Are the British Emmy victories really the success story we think they are?


But – and this is the crucial point – not by sending us in on our terms. In addition to the stars on Hollywood Boulevard, there is an almost invisible collection of golden raspberries – one for any confident British claim that we are now in the game.

You can still see poor Colin Welland now, him Chariot of fire Screenwriter whose 1982 Oscar acceptance speech contained the collective cry that “the British are coming”. Goldcrest, Chariot‘Production company just didn’t have the reserves to make three flops (which hardly remembered) revolution, The mission and Absolute beginners) and was sold almost bankrupt in 1987.

Working Title Films – what gave us Notting Hill, Bridget Jones’ diary and love Strictly speaking, as well as film versions of Ali G, MR Bean and the Lloyd Webber musical Cats – grew out of the death of PolyGram Filmed Entertainment in 2000. The next great UK independent film hope, Film4, collapsed in 2002. We get knocked down, but we get up again … and the Americans are always there to pocket the broken pieces.

At the moment the British manufacturing sector is booming – probably thanks to the tax breaks introduced by Gordon Brown and improved by George Osborne. In the first half of this year, the UK spent a total of £ 3.6 billion on film and high-end television production from 300 productions, according to the British Film Institute.

Last month the owners of Sunset Studios in Los Angeles where people like When Harry met Sally and La La Land were filmed, announced they had bought 91 acre property in Hertfordshire and planned to turn it into a £ 700 million “world-class” film and television studio. Pinewood Studios announced a $ 450 million expansion earlier this summer.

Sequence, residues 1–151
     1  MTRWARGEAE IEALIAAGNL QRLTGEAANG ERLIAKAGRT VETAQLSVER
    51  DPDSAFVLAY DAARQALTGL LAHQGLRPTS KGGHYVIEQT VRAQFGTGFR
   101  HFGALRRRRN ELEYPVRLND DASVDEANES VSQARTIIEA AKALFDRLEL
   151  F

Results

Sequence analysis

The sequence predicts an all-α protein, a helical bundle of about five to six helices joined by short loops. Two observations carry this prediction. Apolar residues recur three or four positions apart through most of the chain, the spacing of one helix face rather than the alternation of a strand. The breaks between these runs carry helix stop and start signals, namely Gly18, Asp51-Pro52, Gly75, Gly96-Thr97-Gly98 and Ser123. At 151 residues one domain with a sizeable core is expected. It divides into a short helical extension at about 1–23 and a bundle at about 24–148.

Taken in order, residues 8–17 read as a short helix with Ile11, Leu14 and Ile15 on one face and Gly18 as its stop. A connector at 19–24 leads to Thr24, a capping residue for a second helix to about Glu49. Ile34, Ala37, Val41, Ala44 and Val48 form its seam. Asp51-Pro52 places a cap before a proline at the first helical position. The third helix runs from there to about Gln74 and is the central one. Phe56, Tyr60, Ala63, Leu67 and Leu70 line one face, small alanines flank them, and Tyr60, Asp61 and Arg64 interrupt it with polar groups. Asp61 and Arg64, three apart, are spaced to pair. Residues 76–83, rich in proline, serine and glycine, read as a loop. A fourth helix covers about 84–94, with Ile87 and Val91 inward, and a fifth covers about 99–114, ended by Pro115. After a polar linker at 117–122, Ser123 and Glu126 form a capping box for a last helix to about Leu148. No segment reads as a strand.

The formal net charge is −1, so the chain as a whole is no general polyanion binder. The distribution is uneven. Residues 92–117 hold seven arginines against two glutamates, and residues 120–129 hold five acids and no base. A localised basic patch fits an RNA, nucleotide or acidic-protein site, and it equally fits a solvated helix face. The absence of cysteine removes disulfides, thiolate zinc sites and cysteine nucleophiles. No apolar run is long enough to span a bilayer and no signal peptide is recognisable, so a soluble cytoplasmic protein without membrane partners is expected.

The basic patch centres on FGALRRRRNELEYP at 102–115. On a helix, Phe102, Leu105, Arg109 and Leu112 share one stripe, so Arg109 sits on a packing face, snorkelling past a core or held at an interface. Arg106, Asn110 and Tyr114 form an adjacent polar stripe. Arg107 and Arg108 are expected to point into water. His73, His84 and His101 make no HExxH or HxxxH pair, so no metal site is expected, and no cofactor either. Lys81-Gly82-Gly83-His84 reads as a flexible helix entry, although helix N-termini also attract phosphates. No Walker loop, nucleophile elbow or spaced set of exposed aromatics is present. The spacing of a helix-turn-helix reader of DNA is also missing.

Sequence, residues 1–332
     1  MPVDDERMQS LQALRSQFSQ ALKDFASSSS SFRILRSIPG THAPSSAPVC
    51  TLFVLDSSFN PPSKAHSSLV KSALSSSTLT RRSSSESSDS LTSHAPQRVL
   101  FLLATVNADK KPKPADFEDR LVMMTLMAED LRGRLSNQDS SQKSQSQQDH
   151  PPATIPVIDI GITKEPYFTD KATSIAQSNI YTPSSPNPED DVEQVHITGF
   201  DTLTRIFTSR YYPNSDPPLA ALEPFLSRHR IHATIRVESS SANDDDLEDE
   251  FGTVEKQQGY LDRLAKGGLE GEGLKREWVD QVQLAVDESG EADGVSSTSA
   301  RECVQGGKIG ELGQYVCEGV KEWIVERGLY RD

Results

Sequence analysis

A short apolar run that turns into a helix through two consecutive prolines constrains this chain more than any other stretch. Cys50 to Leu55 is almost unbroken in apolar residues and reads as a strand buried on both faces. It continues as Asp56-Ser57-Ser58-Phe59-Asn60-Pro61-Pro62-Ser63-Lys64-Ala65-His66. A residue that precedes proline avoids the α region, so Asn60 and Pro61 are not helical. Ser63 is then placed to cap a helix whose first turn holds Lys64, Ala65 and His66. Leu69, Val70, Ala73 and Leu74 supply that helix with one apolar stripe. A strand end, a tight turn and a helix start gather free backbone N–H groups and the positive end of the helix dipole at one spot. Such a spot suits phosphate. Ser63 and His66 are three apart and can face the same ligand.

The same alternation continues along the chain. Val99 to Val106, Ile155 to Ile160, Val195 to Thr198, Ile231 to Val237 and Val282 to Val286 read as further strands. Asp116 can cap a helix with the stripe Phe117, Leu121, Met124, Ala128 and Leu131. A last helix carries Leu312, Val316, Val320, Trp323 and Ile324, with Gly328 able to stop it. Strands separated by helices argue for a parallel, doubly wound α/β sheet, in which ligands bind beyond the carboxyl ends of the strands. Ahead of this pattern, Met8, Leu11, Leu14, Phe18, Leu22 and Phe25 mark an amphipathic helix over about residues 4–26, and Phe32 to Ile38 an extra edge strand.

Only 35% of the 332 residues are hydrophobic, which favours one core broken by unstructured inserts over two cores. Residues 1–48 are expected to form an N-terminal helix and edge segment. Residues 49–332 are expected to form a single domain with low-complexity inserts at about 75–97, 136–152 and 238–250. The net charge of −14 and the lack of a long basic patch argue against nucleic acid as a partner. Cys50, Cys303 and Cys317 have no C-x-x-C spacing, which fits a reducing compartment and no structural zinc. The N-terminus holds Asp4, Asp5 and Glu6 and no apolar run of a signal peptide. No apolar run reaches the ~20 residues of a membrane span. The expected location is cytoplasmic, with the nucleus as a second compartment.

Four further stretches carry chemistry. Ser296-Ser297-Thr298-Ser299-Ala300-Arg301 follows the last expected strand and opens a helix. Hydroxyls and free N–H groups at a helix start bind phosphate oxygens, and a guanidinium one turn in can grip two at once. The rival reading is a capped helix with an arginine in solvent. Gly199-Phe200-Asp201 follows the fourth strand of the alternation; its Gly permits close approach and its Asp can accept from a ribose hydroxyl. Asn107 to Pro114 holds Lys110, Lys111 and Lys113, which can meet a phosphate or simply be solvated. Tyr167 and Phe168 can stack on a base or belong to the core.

We are opening new studios. We’re making more movies and high-end television than ever before. The next explosive part of Tom Cruises Impossible mission The franchise was filmed with mostly British crews in locations as exotic as a Yorkshire vintage railroad and a disused quarry near Stoney Middleton in the Peak District. The Lightning, a new superhero film from DC Comics, is the latest Hollywood blockbuster filming in Glasgow, in the footsteps of Indiana Jones and Batman, with Merchant City being a reasonable replacement for downtown New York.

The demand is so great that we lack crews and equipment. It’s like we’re literally living in Hollywood, but with no sunshine or excellent food.

And yet it is mostly US studios that fund the good times; In 2019, American networks and streamers launched 532 new scripted shows. In 2020, in the middle of the global pandemic, they still managed to bring out 493 brand new series. They’re still pumping it out – and yet it’s the British who get the gongs (if not the money).

Why? The US training system simply does not provide consistent quality for demanding TV storytelling in long form.


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